Which Analytics Tell the Best Story?

Oct 03, 2014


Article ImageAnalytics is big business-and predicted to become even bigger. In International Data Corporation's (IDC) forecast on the growth of the business analytics market, "Worldwide Business Analytics Services 2014-2018 Forecast," a growth of $51.6 billion to $89.6 billion is predicted over the period. For those companies without inside staff expertise, there also is a predicted increase in the use of outside resources of 12.8%.

There are a wide range of analytics readily available to even the smallest organization, many at no- or low-cost. But taking it all in can be like trying to drink from a fire hose. What's meaningful and what's not? Which tools provide the best insights into what's working? Can marketers rely on the data released by the sites themselves (e.g. Facebook, Twitter), or should they be doing some reality testing with other tools?

The issues-and answers-can be murky, but as with any marketing-related undertaking the answers should be driven by strategy says Cesar Brea, founding partner of Force Five Partners, in Massachusetts, is a marketing analytics expert and the author of Marketing and Sales Analytics (Pearson FT Press, 2014).

"What I've found is that success with analytics is really as much about getting the conditions right as it is about any brilliant PhD or insight that you have," says Brea. He has identified four conditions that he says marketers should pay attention to:

  • Making sure the senior team is aligned on what questions are worth asking. There's much that you could know about the online activities of your target audiences, but you need to stay focused on what you need to know. Too often, says Brea, marketers are focused too much on the tools and not enough on the metrics they need to follow to drive business success.
  • Thinking about access to data. "That may seem obvious, but if you don't have the data you can't answer the questions." Where the data is coming from can impact what it is telling you.
  • Considering your ability to act on the data. This may also seem obvious, says Brea, but he notes: "There's no point in doing a lot of analysis of something that, in the end, you can't act on."
  • Having a marketing analytics orientation. That requires collaboration between marketers-who may be data averse-and the more analytically minded.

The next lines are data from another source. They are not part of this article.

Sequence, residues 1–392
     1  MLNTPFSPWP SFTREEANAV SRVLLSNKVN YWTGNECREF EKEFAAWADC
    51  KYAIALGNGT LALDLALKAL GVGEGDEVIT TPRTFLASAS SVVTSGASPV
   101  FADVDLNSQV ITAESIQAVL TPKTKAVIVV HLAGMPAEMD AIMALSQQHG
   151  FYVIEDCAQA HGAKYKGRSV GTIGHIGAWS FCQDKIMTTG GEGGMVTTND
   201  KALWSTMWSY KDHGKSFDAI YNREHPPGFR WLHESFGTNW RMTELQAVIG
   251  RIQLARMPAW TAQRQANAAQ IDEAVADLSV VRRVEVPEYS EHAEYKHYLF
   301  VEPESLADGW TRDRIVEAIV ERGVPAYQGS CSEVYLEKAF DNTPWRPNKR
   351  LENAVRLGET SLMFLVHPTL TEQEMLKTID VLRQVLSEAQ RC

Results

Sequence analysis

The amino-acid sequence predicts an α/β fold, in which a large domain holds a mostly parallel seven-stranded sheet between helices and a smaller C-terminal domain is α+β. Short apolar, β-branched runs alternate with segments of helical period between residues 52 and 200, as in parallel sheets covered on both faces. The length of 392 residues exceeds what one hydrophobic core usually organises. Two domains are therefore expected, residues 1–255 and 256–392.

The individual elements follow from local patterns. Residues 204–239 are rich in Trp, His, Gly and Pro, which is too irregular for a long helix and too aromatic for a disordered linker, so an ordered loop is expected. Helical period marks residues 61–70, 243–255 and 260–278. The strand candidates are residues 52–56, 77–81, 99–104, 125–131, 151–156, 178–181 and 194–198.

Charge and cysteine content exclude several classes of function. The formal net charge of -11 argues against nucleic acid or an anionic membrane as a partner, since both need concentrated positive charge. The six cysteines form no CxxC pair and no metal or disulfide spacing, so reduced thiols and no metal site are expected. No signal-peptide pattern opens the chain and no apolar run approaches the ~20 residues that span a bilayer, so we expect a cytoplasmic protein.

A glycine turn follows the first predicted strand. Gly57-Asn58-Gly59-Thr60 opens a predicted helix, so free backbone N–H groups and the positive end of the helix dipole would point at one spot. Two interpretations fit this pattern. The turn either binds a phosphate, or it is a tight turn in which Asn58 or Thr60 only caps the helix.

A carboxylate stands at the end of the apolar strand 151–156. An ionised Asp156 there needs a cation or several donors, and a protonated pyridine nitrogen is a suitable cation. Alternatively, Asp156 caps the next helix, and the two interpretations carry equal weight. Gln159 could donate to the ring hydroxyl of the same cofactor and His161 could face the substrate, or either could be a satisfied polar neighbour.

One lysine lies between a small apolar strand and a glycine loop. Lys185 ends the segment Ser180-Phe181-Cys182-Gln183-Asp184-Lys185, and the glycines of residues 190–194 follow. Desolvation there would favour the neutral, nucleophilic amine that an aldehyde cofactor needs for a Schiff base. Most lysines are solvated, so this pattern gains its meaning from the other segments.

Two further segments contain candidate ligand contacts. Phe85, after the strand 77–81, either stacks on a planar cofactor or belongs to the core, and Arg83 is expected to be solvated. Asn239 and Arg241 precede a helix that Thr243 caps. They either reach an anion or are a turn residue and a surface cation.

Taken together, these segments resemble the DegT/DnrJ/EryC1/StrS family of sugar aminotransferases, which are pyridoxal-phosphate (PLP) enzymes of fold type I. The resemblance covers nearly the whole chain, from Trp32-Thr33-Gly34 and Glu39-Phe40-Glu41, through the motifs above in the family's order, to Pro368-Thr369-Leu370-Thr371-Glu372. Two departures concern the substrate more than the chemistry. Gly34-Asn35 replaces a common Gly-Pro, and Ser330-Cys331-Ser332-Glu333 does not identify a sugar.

The first step for marketers, he advises, is actually sitting down and outlining the specific questions that you are trying to answer. Then, he says, it's time to consider the tools that you'll need to get at those answers.

Kirill Storch, president of Electric Web, says, "No analytics tool will provide you with the most meaningful KPI which is money in the bank. In fact, he says, "old school analytics of measuring actual cash flow should always be priority number one."

While an enormous, and ever-growing, number of tools exists, less can be more says Storch. In addition, marketers do not have to spend a great deal on these tools-many are readily available at low, or no, cost. Google Analytics is arguably the big gorilla.

"For most campaigns we find Google Analytics to be sufficient," says Storch. But he says, no single analytics panel paints a full picture. "I don't recommend that someone export a Facebook or Twitter analytics report and use that as the basis for overall campaign performance, even if it is a Facebook or Twitter campaign they are measuring." Results, he says, must always be compared with on-site analytics and larger business KPIs such as gross revenue.

Tim Neighbors, digital marketing manager for SAVO, a sales productivity software solutions provider based in Chicago, cautions marketers away from what he calls "vanity metric." These, he says, are "numbers that can be reported, but don't actually represent anything meaningful." For example: raw webpage traffic, Twitter followers, etc.

"Digital analytics are absolutely necessary for program optimization," says Neighbors. "But, if marketers want to be relevant to the C-suite and build relationships with sales and finance, the analytics need to tie back to pipeline and revenue." Since every organization's business model and data needs will vary, no one tool will be right for all. The key as Brea and others suggest, though, is to focus more on what you need to know to drive business results and select the tools that provide the right data. Starting with the tool is the wrong approach.

Beware, cautions Brea, of becoming overly enamored of the proliferation of articles that espouse lists such as "The Top 12 Twitter Analytics Tools." That list is irrelevant until you've identified the top questions you need answers to.

(Image courtesy of Shutterstock.)